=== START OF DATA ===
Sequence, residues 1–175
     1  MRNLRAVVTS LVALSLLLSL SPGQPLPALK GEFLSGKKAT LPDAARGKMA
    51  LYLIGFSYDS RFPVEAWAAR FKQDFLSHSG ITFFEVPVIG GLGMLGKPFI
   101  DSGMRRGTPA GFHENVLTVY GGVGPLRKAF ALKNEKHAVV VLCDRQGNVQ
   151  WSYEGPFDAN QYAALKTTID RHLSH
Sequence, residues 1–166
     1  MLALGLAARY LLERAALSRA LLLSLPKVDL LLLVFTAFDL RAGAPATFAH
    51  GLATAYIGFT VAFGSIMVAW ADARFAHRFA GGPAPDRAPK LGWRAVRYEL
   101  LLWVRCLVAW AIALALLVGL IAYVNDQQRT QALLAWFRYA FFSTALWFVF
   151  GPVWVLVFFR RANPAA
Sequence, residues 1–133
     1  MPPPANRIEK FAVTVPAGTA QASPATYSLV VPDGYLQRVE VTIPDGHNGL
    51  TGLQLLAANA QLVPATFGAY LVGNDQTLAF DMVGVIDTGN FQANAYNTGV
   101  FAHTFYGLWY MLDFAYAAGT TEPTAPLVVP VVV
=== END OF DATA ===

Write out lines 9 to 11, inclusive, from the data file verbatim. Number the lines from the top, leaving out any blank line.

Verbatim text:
   101  LLWVRCLVAW AIALALLVGL IAYVNDQQRT QALLAWFRYA FFSTALWFVF
   151  GPVWVLVFFR RANPAA
Sequence, residues 1–133